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Health risks from lost awareness of cultural behaviours rooted in traditional medicine: An insight in geophagy and mineral intake

Author:
Frazzoli, Chiara, Pouokam, Guy Bertrand, Mantovani, Alberto, Orisakwe, Orish Ebere
Source:
The Science of the total environment 2016 v.566-567 pp. 1465-1471
ISSN:
0048-9697
Subject:
bioavailability, chemistry, children, cultural behavior, diet, economic development, gender, geophagia, lactation, metabolism, minerals, motivation, nutrient deficiencies, organic compounds, pathogens, pregnancy, risk, risk assessment, risk management, socioeconomic status, soil, traditional medicine, women
Abstract:
The term geophagy is applied to the recurrent intentional eating of soil with multifactorial motivation. Geophagists are generally defined by gender (women), age (children), physical status (e.g. pregnancy, lactation, postpartum), social status (people exposed to significant nutritional deficiencies), and culture, but lost awareness of traditional medical meaning of this practice is changing these consumption patterns and increasing health risks. Moreover, although the holistic anthropological perspective recognizes soil consumption as mineral supplementation under certain circumstances, we should consider how the living environment has changed and is changing, along with diet, nutrition requirements, and habits. Therefore, benefits-to-risks ratio of cultural behaviours initiated centuries ago based on traditional medical practices requires deep revision and assessment. Knowledge on minerals metabolism, bioavailability and interactions is required to properly assess the role of geophagy in a balanced and safe intake of micronutrients. Most important, the risk of unbalanced intake of minerals may be serious since the mineralogy and chemistry of geophagic clays are uncontrolled, variable, and difficult to standardize. In addition, other factors (radioactive materials, organic chemicals and soil pathogens) complicate the risk assessment for population groups consuming soil. Since the geophagic practice is expected to persist despite economic development, the paper discusses the multifaceted spectrum of geophagy to highlight critical aspects for risk management.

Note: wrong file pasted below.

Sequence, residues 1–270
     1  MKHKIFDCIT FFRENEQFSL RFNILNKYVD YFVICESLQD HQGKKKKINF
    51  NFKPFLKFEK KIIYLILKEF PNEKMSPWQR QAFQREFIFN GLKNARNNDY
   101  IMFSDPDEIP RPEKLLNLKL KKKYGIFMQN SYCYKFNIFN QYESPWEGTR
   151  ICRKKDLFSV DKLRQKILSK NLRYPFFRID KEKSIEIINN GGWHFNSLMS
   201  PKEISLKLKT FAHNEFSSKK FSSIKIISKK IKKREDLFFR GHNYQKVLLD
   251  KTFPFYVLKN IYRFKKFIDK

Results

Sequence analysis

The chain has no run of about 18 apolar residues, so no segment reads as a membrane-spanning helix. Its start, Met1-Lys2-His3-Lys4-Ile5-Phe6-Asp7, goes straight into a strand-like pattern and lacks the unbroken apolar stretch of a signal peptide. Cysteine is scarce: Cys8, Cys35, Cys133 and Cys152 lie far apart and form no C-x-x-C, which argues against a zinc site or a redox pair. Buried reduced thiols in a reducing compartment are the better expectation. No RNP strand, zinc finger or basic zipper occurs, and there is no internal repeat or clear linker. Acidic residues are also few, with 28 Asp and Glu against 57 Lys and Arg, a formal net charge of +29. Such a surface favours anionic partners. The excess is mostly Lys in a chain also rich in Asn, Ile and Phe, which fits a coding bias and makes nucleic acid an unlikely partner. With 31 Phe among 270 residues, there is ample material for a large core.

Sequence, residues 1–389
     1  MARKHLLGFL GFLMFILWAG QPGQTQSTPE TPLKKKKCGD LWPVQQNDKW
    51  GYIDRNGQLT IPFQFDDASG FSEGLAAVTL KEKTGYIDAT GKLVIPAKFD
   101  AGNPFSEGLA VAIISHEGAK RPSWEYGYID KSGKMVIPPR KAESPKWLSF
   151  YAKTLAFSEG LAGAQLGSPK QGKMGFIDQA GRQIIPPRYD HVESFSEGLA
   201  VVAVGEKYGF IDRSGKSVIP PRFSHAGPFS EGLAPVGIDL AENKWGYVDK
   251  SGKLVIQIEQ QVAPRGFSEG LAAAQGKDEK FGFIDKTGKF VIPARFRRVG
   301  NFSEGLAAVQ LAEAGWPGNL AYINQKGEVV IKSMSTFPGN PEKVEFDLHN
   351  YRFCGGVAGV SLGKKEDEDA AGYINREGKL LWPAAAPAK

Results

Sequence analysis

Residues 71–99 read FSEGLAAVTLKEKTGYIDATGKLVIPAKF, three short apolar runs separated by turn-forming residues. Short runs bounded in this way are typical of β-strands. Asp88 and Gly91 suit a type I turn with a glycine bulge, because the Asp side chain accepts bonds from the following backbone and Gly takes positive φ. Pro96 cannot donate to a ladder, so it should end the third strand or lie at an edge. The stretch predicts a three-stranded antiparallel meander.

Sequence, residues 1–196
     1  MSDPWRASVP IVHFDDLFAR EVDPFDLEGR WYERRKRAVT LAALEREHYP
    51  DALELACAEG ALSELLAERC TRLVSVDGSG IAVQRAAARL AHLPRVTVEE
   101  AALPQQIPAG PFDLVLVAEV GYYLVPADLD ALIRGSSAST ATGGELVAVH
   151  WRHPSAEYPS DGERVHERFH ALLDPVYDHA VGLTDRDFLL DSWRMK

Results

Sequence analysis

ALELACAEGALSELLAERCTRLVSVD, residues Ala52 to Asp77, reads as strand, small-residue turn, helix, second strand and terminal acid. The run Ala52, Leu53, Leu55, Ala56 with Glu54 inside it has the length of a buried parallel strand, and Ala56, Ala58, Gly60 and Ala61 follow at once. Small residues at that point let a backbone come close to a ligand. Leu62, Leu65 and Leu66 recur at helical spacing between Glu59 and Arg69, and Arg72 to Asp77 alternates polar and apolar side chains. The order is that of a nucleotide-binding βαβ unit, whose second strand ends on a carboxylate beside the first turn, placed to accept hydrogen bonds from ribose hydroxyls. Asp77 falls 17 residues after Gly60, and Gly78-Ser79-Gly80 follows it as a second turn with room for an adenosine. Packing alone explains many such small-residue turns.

Agid:
5567908